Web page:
If you've attended one of my classes, then you know that I'm the tiniest bit obsessed with the Taklamakan Desert. Taklamakan means "he who goes in doesn't come out again" and they weren't kidding. It's one of the harshest environments on earth and yet humans beings have not just subsisted here, but built multiple kingdoms and civilizations.
Religious texts hidden in sacred caves carved into cliffs have survived in incredible numbers. Not just the Buddhist texts, but Zoarastrian, Manichean, Jewish and Christian.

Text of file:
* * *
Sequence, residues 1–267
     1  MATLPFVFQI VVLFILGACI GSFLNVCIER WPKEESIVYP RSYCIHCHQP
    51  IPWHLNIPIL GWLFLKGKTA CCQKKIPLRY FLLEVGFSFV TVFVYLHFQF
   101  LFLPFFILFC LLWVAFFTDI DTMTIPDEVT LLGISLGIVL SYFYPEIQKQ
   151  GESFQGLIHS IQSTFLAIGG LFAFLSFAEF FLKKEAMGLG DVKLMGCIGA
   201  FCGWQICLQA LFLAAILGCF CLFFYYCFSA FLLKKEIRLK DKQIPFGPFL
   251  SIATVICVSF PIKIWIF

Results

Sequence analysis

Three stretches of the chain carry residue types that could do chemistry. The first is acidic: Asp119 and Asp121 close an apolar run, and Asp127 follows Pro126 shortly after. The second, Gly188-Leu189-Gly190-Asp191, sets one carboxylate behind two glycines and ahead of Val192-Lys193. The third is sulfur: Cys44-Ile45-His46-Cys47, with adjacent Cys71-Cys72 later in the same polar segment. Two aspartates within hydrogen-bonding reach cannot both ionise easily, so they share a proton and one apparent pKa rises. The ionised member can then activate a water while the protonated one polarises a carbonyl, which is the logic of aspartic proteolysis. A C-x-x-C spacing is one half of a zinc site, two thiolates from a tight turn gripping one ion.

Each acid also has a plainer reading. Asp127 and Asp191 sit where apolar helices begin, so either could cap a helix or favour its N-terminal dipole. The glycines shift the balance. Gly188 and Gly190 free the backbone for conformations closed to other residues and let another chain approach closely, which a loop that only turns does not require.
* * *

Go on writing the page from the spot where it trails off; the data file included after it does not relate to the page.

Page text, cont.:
A lot of these documents were written on things we wouldn't normally think of. In addition to paper and animal skins, they used willow sticks and bamboo and small rectangles of wood with a wooden cover that slides over it to protect the writing. The other interesting bit is that in the early days of the Silk Road trade, paper was rare and expensive. It was used to record the size and destination of caravans, as well as lawsuits and contracts and religious text. But then, because it was rare and expensive, the used paper was re-purposed for funerary garments. So there are gaps in individual texts because they were cut apart and sewn into shirts or shoes and archaeologists have to remove them from the body and remove the seams, lay it flat and try to make sense of it.